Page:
In April 1986, Chernobyl' (Chornobyl' in Ukrainian) was an obscure city on the Pripiat' River in north-central Ukraine. Almost incidentally, its name was attached to the V.I. Lenin Nuclear Power Plant located about twenty-five kilometers upstream. On April 26, the city's anonymity vanished forever when, during a test at 1:21 A.M., the No. 4 reactor exploded and released thirty to forty times the radioactivity of the atomic bombs dropped on Hiroshima and Nagasaki. The world first learned of history's worst nuclear accident from Sweden, where abnormal radiation levels were registered at one of its nuclear facilities.
The Chernobyl reactors are of the RBMK type. These are high-power, pressure-tube reactors, moderated with graphite and cooled with water. The operational experience of military reactors testified that they can be reliably operated. However, there were accidents, emergencies occurred, but nothing was known about them. That created the illusion that military reactors can be used for nuclear power plants. This was a strategic mistake.
At the time of the Chernobyl accident there were seventeen RBMKs in operation in the Soviet Union. Since then, five RBMKs have been shut down. All four RBMKs at Chernobyl were shut down: Unit 4 reactor was destroyed in the 1986 accident; Unit 2 reactor was shut down five years later; after a serious turbine building fire; Unit 1 was closed in November 1996, and Unit 3 was closed December 15, 1999 as promised by Ukrainian President Leonid Kuchma. Ignalina Unit 1 in Lithuania, the fifth RBMK, was shut down in December 2004. The remaining 12 operating RBMKs are in Russia (eleven reactors) and Lithuania (one reactor).
The plant lies near the Pripyat River, at the northwest end of a cooling pond. The pond is 12 km long; during normal operation the plant discharges warm water counterclockwise around the pond, taking in cool water near the north end. Just northwest of the plant is the city of Pripyat. The smaller town of Chernobyl lies south of the cooling pond.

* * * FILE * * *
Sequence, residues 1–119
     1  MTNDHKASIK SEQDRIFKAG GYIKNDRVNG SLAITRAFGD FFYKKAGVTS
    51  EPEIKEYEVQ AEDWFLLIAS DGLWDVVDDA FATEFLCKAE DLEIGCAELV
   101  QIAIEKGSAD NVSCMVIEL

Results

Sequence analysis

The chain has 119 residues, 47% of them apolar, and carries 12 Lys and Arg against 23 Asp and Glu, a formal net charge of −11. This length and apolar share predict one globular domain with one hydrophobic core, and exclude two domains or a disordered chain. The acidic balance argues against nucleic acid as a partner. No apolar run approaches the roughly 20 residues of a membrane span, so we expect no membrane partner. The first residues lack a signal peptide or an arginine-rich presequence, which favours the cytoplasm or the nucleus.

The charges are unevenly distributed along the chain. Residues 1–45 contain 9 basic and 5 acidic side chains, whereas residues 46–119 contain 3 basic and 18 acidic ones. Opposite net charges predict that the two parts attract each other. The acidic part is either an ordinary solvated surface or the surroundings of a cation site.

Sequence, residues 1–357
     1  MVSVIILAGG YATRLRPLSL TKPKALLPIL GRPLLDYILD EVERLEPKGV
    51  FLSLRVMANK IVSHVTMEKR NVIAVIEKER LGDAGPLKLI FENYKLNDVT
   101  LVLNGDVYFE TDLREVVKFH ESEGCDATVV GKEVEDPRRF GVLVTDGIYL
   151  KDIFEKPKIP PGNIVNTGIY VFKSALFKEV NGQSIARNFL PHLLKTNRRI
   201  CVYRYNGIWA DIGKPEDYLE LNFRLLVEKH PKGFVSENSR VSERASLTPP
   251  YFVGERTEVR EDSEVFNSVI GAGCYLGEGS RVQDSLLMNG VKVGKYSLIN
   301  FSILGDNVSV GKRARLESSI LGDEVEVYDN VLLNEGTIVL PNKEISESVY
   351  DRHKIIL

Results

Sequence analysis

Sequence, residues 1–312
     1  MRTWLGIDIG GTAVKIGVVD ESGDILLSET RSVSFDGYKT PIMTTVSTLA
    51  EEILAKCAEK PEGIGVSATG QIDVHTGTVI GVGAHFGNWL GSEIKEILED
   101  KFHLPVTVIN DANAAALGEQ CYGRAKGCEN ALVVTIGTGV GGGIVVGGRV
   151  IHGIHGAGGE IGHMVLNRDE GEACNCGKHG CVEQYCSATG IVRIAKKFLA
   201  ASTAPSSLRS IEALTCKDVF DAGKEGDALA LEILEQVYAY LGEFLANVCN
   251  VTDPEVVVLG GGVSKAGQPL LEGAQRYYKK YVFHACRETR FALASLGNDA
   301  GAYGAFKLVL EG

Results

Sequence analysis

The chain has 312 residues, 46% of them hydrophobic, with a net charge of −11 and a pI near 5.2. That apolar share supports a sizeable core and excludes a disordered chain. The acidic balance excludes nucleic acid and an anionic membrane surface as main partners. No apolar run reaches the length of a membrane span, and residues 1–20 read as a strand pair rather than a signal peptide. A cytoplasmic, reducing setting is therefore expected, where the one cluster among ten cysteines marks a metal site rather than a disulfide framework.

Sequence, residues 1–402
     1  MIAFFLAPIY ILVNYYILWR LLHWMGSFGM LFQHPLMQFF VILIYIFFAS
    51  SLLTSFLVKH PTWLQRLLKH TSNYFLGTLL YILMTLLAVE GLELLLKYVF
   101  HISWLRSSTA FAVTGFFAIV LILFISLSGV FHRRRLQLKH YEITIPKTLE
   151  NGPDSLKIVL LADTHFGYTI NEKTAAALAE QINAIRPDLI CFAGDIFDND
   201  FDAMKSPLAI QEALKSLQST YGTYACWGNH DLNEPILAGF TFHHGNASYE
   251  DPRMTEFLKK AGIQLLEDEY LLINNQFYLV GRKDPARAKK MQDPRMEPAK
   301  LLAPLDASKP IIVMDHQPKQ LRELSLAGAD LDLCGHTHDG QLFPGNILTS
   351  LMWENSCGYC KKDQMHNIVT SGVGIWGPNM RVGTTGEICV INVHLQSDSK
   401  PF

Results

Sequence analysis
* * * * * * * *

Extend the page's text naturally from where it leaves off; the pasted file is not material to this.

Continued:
According to data in the possession of the KGB of the USSR, design deviations and violations of construction and assembly technology occurred at various places in the construction of the second generating unit of the Chernobyl AES, and the KGB warned that could lead to mishaps and accidents. The structural pillars of the generator room were erected with a deviation of up to 100 mm from the reference axes, and horizontal connections between the pillars are absent in places. Wall panels have been installed with a deviation of up to 150 mm from the axes. The placement of roof plates did not conform to the designer's specifications. Crane tracks and stopways have vertical drops of up to 100 mm and in places a slope of up to 8 degree. The cement plant operated erratically, and its output was of poor quality. Interruptions were permitted during the pouring of especially heavy concrete causing gaps and layering in the foundation. Access roads to the Chernobyl AES were in urgent need of repair.
With complex automated systems, the user's mental model directly impacts operating decisions and emergency response. The user's mental model is his/her concept and mental representation of how the system operates. A correct understanding of the system is particularly needed in response to infrequent or unusual system events. In safety critical systems, lack of a accurate and complete mental model can lead to disastrous results. The meltdown at Chernobyl was attributed to a lack of understanding of how the reactor operated on the part of the operators, technicians, and specifically the engineer who developed the test that required by-passing safety controls.
Unlike the other types of commercial light water reactors, which use water both as coolant and as neutron moderator, conversion of water into steam within the core of the RBMK-1000 reactor results in an increase in reactor power; the core is thus said to have a "positive void coefficient." This characteristic played an important role in the Chernobyl accident.
An experiment was planned to determine the feasibility of utilizing the turbine-generators to supply electricity to selected safety systems while the turbines were coasting down. The shutdown operations were interrupted by a need to keep the reactor on the electrical grid. The reactor continued to operate at 50% power for about 9 hours; during this time, in violation of operating procedure, the emergency core-cooling system remained isolated from the reactor system.
The operators then compounded the problem by permitting the reactor power, through operational error, to decrease considerably below the level intended for the experiment. In so doing, the core power began to fluctuate, and the operators continued in their attempts to increase the power level even though the reactor was now at a power level that was considered unsafe for continuous operation. This circumstance was likewise ignored.